The Best Way to Peel Garlic (and how to buy, cook, and store it)

By 4 m read
Peel Garlic - Everything you need to know to make garlic one of your kitchen buddies (Photo by Erich Boenzli)
Everything you need to know to make garlic one of your kitchen buddies (Photo by Erich Boenzli)

Garlic is available fresh in our grocery store year round. It’s probably the most used fresh aromatic ingredient (along with onions). Unless you’re allergic to garlic, it should be a staple in your kitchen. When I think of garlic, it’s initially my nose that does the thinking. That magic moment when garlic touches the oil in the pan and releases its fragrant oils into the kitchen atmosphere, transforming the area instantly into a pungent, aromatic environment that makes me sing. 

 

How to buy garlic

The first thing to look for when choosing garlic is weight. It should feel slightly heavy for its size. I know, that’s kind of vague, but once you feel a fresh garlic and an old garlic of the same size at the same time, you’ll know exactly what I mean. 

Peel Garlic - Beautifully tightly bound top (Photo by Erich Boenzli)
Beautifully tightly bound top (Photo by Erich Boenzli)

When you look at the top of the garlic bulb, make sure it’s tightly bound. That means the skin is close to the stem. If it has sprouted, it may not have been properly stored. The sprouts are certainly edible, but that’s not what we’re looking for here. 

Peel Garlic - Make sure it’s really firm (Photo by Viana Boenzli)
Make sure it’s really firm (Photo by Viana Boenzli)

Next, give it a good squeeze. Make sure it’s firm. If you squeeze and you feel any give, put it back, it’s old.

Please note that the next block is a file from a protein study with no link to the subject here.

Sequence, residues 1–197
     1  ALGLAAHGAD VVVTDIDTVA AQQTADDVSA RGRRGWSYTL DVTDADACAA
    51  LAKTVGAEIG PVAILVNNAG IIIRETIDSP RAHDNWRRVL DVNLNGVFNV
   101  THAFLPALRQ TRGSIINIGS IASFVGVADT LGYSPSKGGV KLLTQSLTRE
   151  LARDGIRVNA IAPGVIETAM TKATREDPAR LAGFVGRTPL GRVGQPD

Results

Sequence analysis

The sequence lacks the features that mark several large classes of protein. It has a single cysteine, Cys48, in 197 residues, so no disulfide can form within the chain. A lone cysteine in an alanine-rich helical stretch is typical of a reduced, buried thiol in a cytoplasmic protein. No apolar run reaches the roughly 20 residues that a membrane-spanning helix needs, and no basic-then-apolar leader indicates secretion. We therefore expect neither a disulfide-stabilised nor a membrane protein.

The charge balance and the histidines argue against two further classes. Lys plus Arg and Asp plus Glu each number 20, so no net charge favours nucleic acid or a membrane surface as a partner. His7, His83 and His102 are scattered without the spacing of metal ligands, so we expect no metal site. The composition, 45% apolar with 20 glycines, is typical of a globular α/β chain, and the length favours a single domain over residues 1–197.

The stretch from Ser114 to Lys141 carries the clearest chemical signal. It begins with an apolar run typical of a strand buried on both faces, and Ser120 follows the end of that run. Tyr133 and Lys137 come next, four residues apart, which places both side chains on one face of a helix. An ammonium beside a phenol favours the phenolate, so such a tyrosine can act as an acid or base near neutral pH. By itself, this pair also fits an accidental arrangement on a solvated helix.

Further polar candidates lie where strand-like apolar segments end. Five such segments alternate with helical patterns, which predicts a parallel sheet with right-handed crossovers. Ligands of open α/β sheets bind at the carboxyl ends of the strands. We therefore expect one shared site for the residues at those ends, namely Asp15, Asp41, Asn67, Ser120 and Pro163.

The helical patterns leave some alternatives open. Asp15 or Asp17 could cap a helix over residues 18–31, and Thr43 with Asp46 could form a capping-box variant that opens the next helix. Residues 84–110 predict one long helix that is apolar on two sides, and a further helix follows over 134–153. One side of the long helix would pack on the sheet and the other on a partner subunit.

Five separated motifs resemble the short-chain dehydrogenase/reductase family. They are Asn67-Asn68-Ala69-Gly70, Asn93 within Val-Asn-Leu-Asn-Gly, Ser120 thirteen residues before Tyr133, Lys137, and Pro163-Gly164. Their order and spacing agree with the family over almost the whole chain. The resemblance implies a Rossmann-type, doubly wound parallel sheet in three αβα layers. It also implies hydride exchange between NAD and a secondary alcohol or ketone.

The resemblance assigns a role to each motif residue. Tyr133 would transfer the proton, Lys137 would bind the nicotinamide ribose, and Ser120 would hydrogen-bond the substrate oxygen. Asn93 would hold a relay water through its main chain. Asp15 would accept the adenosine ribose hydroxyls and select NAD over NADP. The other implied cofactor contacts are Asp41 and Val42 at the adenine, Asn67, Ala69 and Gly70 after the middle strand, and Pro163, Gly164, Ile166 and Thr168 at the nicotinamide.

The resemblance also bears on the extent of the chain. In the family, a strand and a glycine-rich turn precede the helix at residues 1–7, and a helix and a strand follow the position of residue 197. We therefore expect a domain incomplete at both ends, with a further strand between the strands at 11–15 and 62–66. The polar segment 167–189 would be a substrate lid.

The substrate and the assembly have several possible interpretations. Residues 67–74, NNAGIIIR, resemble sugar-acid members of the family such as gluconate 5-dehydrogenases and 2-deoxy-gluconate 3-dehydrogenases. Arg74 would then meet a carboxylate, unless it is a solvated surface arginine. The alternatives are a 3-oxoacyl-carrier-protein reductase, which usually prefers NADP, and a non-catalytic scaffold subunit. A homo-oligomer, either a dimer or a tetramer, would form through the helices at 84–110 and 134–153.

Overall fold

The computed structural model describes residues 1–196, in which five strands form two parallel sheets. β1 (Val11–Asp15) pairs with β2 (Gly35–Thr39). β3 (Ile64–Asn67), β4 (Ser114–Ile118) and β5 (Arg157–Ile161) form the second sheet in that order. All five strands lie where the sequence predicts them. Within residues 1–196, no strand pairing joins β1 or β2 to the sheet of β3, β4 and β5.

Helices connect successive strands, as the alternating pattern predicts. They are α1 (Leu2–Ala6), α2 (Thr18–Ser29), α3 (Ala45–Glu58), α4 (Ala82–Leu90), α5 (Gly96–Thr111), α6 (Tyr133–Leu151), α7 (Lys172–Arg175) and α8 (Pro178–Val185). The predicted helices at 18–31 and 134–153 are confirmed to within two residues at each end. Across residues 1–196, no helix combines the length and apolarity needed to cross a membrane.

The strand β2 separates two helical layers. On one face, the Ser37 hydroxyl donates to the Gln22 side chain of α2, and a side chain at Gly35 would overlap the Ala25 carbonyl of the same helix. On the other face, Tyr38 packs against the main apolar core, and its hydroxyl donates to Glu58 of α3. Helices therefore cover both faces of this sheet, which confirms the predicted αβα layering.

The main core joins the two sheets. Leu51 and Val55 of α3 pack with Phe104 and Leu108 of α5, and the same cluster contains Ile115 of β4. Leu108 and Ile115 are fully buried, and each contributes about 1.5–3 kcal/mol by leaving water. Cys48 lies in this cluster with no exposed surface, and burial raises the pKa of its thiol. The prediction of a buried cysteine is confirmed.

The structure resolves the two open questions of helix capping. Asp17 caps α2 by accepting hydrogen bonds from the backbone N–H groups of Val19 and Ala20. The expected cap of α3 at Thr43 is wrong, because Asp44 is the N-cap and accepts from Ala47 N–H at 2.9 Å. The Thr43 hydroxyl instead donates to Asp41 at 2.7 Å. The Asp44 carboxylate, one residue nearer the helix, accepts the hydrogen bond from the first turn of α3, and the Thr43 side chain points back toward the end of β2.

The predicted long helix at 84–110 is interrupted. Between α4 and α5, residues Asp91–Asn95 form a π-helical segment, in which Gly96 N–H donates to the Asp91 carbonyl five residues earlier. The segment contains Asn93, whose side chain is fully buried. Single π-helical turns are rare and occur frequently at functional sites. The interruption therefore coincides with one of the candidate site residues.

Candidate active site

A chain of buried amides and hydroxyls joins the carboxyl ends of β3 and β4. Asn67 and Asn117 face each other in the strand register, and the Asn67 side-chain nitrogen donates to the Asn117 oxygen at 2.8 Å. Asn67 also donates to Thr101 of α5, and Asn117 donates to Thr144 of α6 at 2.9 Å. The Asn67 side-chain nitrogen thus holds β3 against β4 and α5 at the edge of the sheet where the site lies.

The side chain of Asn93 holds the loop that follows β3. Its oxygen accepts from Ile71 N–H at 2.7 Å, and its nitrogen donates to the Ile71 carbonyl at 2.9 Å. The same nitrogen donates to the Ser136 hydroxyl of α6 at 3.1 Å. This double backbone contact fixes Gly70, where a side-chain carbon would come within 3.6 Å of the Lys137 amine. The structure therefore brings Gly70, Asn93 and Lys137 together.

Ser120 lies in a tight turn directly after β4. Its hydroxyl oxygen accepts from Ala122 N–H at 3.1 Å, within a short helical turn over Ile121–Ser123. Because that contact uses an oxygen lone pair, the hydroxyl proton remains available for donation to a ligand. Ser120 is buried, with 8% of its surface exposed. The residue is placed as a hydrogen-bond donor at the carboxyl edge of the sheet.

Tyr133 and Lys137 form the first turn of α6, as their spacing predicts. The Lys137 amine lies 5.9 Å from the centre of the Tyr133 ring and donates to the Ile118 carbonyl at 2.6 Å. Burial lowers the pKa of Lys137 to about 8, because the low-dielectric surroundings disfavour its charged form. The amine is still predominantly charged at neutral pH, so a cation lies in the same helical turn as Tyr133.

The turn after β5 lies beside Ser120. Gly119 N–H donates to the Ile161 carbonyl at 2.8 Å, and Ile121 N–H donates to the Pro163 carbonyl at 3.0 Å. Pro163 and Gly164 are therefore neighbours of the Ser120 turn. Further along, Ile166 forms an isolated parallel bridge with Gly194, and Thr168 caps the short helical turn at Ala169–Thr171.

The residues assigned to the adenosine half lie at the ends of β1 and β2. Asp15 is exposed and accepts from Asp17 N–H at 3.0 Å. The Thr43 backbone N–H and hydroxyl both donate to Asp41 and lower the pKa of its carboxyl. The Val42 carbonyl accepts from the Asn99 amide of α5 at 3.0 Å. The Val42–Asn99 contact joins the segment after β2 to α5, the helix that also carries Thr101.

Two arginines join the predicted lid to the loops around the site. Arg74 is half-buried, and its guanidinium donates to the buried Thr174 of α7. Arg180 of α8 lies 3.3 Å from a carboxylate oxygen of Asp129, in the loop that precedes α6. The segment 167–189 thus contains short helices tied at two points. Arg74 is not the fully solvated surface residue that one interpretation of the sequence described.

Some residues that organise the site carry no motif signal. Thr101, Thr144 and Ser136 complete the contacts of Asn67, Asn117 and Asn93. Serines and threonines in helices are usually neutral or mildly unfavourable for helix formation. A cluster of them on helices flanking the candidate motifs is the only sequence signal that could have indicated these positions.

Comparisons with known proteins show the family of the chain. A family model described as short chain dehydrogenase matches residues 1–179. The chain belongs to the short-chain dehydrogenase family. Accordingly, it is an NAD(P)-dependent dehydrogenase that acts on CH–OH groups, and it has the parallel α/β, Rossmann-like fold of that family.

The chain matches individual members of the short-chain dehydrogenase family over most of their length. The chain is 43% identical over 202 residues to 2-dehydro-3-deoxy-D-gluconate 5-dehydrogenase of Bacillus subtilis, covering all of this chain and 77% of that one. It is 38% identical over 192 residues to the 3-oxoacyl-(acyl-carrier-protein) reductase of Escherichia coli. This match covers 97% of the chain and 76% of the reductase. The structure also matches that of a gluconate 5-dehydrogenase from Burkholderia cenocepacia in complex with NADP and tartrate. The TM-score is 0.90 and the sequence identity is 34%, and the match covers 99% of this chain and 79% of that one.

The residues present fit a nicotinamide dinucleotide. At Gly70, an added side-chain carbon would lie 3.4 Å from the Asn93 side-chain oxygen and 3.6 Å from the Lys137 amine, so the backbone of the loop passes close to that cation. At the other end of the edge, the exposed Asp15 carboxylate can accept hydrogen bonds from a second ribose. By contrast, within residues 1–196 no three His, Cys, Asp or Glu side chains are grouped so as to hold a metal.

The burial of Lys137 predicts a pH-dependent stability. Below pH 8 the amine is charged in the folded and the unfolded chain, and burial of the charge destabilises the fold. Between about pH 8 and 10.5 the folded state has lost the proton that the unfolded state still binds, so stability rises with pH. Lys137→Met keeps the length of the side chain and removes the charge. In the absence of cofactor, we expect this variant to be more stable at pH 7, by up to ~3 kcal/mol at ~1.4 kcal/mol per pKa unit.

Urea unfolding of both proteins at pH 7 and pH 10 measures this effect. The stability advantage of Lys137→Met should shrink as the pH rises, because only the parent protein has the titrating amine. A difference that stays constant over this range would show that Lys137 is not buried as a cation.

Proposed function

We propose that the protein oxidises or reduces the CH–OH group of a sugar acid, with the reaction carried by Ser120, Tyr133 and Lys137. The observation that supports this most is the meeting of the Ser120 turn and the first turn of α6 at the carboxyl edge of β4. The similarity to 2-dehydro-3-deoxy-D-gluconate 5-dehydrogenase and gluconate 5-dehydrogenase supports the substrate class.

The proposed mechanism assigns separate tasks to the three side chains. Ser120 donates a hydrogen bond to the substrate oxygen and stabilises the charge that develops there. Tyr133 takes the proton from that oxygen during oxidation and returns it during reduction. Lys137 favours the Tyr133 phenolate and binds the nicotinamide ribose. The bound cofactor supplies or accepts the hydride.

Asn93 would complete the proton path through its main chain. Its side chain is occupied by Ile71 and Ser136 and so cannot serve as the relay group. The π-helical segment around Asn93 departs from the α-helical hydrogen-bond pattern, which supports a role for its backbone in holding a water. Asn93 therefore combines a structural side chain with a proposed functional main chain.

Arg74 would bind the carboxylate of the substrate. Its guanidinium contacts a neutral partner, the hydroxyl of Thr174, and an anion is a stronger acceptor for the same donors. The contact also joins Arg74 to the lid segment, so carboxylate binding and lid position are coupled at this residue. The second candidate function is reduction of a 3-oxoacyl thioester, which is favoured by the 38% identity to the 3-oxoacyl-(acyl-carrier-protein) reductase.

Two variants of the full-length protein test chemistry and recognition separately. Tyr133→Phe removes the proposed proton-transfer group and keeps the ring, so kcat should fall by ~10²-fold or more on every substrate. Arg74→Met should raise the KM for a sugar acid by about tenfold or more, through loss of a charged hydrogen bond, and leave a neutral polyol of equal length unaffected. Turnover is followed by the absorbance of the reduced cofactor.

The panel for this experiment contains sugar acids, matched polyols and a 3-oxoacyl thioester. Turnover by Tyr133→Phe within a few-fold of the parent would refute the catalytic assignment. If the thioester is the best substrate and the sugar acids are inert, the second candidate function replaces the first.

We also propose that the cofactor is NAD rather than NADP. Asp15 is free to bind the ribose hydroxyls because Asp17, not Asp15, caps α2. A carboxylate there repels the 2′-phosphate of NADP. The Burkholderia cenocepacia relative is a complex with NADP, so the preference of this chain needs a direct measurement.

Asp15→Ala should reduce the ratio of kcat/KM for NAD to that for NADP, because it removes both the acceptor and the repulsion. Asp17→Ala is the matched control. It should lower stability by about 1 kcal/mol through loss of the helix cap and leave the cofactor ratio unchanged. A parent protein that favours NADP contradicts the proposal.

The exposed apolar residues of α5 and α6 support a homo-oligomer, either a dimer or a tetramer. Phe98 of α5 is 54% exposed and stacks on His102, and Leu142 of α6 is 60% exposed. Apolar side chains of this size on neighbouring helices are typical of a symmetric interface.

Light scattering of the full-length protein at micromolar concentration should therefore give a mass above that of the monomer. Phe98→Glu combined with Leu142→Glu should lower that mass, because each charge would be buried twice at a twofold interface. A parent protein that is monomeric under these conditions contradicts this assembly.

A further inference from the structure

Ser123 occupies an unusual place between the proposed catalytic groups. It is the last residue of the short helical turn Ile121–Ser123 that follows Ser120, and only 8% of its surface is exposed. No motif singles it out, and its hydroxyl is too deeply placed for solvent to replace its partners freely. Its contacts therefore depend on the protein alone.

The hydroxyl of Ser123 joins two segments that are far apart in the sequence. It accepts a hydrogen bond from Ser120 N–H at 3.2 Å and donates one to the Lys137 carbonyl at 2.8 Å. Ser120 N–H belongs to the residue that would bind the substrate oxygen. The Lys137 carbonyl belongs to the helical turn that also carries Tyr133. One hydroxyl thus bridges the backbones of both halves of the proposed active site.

Should it smell? Although garlic is certainly pungent, it should not smell at all when buying it in the store. The smell comes from the oil, and oils are only released when the cloves are bruised, smashed, or cut. 

 

How to peel garlic

There are dozens of fancy videos out there showing how easy and quick it is to peel garlic cloves. Smash with the bottom of a skillet; put cloves in a bowl, cover, and shake vigorously; etc. I’ve tried them all, multiple times. Let me just say, they generally work, but not always. Some actually only work with old, shriveled garlic, where the skin is already basically falling off when you grab the bulb.

 

Over 30 years of cooking, I’ve probably switched my garlic peeling techniques as many times. But there is one way to do it that works with any garlic size. It uses one more step than most other “garlic peeling hacks” but that step actually makes it work every single time. Go ahead, peel some garlic and prove me wrong 🤓

Peel Garlic - Cut the ends off both sides (Photo by Viana Boenzli)
Cut the ends off both sides (Photo by Viana Boenzli)

Grab your garlic bulb and break off some cloves. Cut the ends off both sides of the clove. Then, use the side of your chef’s knife and push down until you hear a little crunch. Peel. Done. 

Peel Garlic - Apply gentle pressure (Photo by Viana Boenzli)
Apply gentle pressure (Photo by Viana Boenzli)

Note: Be gentle when pushing down on the garlic clove…unless you’re going to use smashed garlic. Applying gentle pressure leaves the clove intact so you can still slice and dice and grate it. 

Peel Garlic - The result. Every time. No peeling off leftover skin (Photo by Viana Boenzli)